I think that Americans have let ourselves be duped into equating “freedom” with “I can do whatever I want, whenever I want to do it.” I don’t know how we have let it get this far out of hand.


  2. A completely overwhelming event. And you summed it up brilliantly. You can’t protect them.

    There are things that are beyond our control, in real life. Earthquakes, hurricanes, natural disasters. But gun control? Yeah, we can CONTROL that.

    God damn the NRA.


    • I have been fighting all day with relatives and friends who are gun owners and for once I don’t care. I have the rage of what happened to power me.
      I honestly and truly believe that anyone who has fought against gun control and any politician who has blocked it, shares a big part of the responsibility for yesterday. And I just wrote letters to Obama, John Kerry and Scott Brown to say just that.


  3. The sadness that has engulfed me today has left me with only infinite compassion for the children, parents, siblings, families, and communities affected by this single act of [I still can’t think of the word]—I hope for humanity, despite humans. Yes, none of us are safe in this sometimes senseless and often random existence. I cannot fathom the heartache, heartbreak—to think that families send their little loves off to us every day, trusting, believing that they are kept in the next best/safest place in the world. It breaks my heart to know that we can do so much to keep them physically, emotionally, and intellectually safe, secure, but we cannot know of or protect them from all that is tragically inhuman. Be well, my fellow teacher.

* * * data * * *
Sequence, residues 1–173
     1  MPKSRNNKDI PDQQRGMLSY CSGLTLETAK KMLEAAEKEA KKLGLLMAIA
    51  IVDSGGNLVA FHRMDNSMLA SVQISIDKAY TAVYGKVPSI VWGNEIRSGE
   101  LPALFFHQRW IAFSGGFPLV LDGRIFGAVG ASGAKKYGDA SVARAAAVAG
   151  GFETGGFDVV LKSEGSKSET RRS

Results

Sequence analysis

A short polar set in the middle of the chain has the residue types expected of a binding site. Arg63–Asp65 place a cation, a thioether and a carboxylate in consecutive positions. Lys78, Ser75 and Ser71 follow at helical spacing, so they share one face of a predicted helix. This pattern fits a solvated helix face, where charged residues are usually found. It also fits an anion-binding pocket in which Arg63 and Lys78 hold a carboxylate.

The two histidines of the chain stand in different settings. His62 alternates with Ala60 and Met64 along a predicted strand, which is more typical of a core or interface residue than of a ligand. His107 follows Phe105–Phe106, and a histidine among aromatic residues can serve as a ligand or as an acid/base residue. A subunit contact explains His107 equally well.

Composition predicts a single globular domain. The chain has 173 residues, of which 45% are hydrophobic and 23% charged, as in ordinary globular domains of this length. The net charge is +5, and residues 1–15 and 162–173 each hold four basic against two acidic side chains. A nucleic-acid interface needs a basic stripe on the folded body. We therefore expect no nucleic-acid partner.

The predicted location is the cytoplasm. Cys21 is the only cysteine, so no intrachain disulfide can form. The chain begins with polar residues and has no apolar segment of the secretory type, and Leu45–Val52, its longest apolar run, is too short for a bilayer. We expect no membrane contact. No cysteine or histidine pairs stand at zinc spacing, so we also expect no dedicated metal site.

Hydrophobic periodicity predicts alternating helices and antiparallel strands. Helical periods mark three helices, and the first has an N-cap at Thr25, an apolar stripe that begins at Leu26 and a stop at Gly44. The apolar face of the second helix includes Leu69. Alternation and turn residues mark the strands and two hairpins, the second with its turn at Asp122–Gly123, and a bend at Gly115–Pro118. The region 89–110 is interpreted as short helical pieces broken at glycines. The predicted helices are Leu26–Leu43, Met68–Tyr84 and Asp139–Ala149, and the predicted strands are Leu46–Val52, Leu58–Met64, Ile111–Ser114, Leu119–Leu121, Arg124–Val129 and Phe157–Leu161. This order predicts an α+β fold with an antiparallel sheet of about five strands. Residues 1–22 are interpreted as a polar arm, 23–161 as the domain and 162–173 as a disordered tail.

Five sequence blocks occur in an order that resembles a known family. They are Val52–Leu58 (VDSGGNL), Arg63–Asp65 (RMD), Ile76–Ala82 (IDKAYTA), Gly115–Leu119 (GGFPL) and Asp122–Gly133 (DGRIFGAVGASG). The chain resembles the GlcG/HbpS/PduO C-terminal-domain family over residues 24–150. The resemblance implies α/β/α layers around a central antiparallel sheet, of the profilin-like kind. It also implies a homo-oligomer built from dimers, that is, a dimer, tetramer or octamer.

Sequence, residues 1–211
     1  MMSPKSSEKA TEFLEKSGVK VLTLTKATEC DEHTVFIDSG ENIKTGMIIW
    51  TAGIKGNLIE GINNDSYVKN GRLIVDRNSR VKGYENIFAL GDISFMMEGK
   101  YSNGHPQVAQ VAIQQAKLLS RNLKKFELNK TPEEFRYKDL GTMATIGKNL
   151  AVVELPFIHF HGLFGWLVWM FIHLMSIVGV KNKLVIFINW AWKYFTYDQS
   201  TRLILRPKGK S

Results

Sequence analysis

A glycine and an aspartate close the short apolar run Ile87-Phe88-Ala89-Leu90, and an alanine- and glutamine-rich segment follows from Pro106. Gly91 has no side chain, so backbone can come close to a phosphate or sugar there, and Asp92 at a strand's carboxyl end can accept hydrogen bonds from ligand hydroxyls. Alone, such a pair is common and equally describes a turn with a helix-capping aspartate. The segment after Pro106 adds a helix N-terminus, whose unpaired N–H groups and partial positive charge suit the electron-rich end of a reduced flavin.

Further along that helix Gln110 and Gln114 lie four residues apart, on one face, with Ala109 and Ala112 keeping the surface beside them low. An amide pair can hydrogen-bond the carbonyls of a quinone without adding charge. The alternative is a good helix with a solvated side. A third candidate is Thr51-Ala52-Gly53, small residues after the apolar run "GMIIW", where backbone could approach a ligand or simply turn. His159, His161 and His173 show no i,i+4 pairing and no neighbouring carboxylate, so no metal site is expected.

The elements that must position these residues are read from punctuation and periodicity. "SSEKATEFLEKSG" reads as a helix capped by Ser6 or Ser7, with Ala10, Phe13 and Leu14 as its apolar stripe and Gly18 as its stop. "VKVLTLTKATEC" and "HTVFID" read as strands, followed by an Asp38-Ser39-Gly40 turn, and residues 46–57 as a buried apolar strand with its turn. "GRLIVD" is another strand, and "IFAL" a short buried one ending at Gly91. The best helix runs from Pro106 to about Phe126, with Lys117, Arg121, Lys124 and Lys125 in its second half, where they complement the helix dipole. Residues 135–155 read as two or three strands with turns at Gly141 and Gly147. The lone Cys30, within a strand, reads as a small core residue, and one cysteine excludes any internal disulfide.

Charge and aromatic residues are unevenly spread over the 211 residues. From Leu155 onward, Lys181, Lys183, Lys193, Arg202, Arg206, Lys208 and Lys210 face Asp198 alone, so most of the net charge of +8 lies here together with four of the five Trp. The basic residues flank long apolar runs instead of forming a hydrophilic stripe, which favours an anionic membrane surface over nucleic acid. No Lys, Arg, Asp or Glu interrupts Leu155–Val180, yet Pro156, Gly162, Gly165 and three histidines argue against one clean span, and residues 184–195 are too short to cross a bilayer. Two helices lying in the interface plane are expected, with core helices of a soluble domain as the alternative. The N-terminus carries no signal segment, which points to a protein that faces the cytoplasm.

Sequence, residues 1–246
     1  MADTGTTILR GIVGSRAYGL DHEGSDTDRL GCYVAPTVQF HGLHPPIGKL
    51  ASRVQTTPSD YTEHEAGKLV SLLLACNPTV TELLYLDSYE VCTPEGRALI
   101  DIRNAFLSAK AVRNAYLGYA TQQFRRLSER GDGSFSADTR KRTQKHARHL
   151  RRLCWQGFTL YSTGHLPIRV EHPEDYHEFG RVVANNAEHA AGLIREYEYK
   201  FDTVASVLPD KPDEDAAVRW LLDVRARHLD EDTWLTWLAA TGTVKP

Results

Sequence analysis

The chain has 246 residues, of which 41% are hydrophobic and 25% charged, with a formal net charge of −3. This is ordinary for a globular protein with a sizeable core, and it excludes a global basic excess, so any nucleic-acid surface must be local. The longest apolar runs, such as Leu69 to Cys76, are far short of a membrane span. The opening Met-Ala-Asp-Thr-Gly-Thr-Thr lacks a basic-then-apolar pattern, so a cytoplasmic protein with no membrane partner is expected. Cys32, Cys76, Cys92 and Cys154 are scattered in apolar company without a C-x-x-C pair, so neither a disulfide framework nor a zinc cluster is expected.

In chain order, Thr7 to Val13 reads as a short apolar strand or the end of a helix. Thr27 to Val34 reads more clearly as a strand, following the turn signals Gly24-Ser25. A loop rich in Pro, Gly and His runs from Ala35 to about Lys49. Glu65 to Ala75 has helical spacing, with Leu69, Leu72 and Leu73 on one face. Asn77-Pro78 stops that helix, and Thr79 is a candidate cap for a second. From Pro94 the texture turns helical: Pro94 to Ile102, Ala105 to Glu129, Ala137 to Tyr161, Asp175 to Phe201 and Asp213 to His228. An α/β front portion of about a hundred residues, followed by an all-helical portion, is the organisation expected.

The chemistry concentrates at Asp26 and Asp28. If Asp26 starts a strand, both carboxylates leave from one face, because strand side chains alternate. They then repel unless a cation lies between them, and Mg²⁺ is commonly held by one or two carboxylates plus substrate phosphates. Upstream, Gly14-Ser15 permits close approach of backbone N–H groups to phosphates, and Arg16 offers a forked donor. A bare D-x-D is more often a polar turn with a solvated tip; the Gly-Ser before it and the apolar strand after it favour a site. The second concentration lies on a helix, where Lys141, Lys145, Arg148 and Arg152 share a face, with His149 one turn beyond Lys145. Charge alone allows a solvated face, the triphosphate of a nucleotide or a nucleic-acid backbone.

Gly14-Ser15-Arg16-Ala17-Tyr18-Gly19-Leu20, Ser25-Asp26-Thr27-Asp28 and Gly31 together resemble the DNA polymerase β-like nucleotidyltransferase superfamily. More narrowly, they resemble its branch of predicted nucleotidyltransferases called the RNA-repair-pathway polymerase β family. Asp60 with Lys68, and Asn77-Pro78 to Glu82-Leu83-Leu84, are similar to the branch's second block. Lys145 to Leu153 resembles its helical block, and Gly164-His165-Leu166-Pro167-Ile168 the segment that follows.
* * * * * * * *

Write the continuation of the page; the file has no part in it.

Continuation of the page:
• Thank you, and you, too. I tossed and turned all night, as I’m sure so many of us did, trying to imagine how everyone will feel on Monday. How many children will be afraid to be in my classroom? What do I say to them, knowing that the truth is, I can’t keep them safe?